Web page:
You’ll be able to hold your head high – and you might even influence others to be more respectful and of service, over time.

How do you maintain your strong moral character? How do others whom you respect demonstrate their strong moral character? Share your insights on Twitter, Facebook, and LinkedIn.

Photo © Steven Coburn – Dollar Photo Club. All rights reserved.

Subscribe!Podcast – Listen to this post now with the player below. Subscribe via RSS or iTunes.

The music heard on my podcasts is from one of my songs, “Heartfelt,” copyright © 2005 Chris Edmonds Music (ASCAP). I play all instruments on these recordings.


Don’t miss any of Chris’ posts, podcasts, or updates – Subscribe Now!

Disclosure of Material Connection: Some of the links in the post above are “affiliate links.” This means if you click on the link and purchase the item, I will receive an affiliate commission. Regardless, I only recommend products or services I use personally and believe will add value to my readers. I am disclosing this in accordance with the Federal Trade Commission’s 16 CFR, Part 255: “Guides Concerning the Use of Endorsements and Testimonials in Advertising.”

Demand Ethical Behavior

crowded football stadiumThis week the world of football (soccer in the US) was shocked by the US Department of Justice indictment of 14 defendants for alleged FIFA kickbacks of more than $150 million over the past twenty years.

What was more shocking to me was the response of the FIFA president, up for re-election within hours, who said, “We cannot constantly supervise everyone in football . . . you cannot ask everyone to behave ethically.”

What an amazing admission by Sepp Blatter (who won re-election, despite the “distraction” of the arrests). Blatter believes he is not responsible – nor is any leader – if someone in their employ breaks the law (or bribes officials or launders money, etc.).

This is not just a FIFA leadership problem. Many company, region, department, and team leaders around the globe believe the same thing: “Leaders cannot ask their people to behave ethically. I am not responsible for whether my leaders or team members behave in an ethical manner.”

These issues are prevalent across the globe. For example, the CFO of the Phoenix VA hospital testified last June that the hospital environment was toxic, the “most dysfunctional place I’ve ever worked in my life.” She reported she was subject to sexual harassment, racial slurs, and bogus investigations during her two years there.

Phoenix VA administrators didn’t just focus on harassment of the CFO. They were apparently preoccupied with accusing and investigating one another for years – all while veterans awaited care in a system of backlogged appointments and fabricated wait-time reporting.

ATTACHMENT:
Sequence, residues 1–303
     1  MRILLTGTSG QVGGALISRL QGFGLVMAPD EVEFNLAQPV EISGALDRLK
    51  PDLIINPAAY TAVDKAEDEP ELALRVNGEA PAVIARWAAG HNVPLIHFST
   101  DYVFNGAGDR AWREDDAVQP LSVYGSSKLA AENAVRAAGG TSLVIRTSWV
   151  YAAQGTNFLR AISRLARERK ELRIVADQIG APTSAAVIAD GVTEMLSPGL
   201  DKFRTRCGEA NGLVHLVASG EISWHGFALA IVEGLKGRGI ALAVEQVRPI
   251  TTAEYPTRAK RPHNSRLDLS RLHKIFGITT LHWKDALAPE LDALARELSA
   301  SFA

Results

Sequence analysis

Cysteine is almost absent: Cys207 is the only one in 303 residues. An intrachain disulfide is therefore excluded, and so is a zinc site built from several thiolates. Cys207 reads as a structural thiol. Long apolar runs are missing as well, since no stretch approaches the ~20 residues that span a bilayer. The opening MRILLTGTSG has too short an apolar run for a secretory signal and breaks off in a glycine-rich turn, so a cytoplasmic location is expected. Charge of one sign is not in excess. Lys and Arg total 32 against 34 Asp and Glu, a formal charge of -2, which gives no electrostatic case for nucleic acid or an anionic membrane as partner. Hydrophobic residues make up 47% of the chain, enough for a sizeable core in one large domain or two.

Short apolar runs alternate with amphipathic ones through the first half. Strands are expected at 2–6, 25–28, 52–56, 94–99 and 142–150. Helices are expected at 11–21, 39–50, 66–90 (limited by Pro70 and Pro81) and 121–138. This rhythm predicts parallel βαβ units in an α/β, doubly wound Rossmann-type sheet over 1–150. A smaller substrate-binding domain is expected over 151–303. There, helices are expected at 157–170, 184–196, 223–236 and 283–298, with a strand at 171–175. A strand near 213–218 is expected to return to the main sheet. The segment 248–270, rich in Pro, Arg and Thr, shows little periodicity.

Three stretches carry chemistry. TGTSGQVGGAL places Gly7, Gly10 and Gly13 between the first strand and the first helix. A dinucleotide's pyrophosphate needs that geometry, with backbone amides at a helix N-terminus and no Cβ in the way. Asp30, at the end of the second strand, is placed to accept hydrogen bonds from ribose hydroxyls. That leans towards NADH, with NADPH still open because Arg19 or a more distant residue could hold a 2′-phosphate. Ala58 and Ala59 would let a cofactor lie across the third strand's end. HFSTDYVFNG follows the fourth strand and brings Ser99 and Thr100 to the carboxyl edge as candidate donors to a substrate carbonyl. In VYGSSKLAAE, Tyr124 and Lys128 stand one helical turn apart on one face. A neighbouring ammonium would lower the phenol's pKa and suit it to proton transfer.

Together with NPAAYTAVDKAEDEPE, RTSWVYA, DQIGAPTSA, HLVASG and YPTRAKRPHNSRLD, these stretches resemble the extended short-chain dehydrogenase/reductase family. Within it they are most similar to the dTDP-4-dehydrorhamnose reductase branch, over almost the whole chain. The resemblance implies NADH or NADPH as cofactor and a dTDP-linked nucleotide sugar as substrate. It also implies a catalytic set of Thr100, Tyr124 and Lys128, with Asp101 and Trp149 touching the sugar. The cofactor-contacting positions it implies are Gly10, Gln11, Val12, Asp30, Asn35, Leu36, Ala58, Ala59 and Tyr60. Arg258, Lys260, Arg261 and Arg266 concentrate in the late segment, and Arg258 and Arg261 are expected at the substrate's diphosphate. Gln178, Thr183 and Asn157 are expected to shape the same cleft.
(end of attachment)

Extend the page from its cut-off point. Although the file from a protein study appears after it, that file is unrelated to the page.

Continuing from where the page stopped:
Here’s another example. In Denver, a former sheriff’s department investigator reported that he was told by his captain to avoid logging into evidence a videotape of inmate mistreatment that occurred last month. If the tape wasn’t logged into the evidence system, the incident would not be investigated further. The department has suffered systemic problems including poor training of officers and mistreatment of inmates for years.

The reality is that leaders are, indeed, responsible for the creation of productive workplaces that treat everyone with trust, respect, and dignity in every interaction.

Where leaders create clear performance expectations and hold people accountable for those, results and profits steadily grow. Where leaders create clear values expectations – like integrity, honesty, cooperative interaction, etc. – and hold people accountable for those, employee engagement and customer service steadily grow.

Where leaders do not create clear expectations of performance and of citizenship, a void is created. In the absence of leadership, we humans will fail. We are flawed beings. We make mistakes. We are tempted to take advantage of systems and circumstances. Most of us resist those temptations; some don’t.

Leaders can absolutely ask – yes, even demand – that everyone behave ethically. By formalizing performance standards and values expectations, the ground rules are clearly set. The hard work comes after these expectations are formalized. Leaders must then model the performance and values in every interaction, showing they are champions of their desired culture. And, they must hold others accountable for both performance and values.

They do that by gathering performance data, feeding it back, and coaching players to success. They do that by gathering values data – inviting feedback from peers, employees, and customers to assess the degree to which players are modeling desired values and behaviors – and feeding it back, and coaching players to desired citizenship.

It’s not easy, but it is the right thing to do.

What do you think? Is ethical behavior demanded in your organization? How did your great bosses demand integrity and honesty? Share your insights on Twitter, Facebook, and LinkedIn.

Photo © Csaba Peterdi – Dollar Photo Club. All rights reserved.

Subscribe!Podcast – Listen to this post now with the player below. Subscribe via RSS or iTunes.

The music heard on my podcasts is from one of my songs, “Heartfelt,” copyright © 2005 Chris Edmonds Music (ASCAP). I play all instruments on these recordings.


Don’t miss any of Chris’ posts, podcasts, or updates – Subscribe Now!

Disclosure of Material Connection: Some of the links in the post above are “affiliate links.” This means if you click on the link and purchase the item, I will receive an affiliate commission. Regardless, I only recommend products or services I use personally and believe will add value to my readers. I am disclosing this in accordance with the Federal Trade Commission’s 16 CFR, Part 255: “Guides Concerning the Use of Endorsements and Testimonials in Advertising.”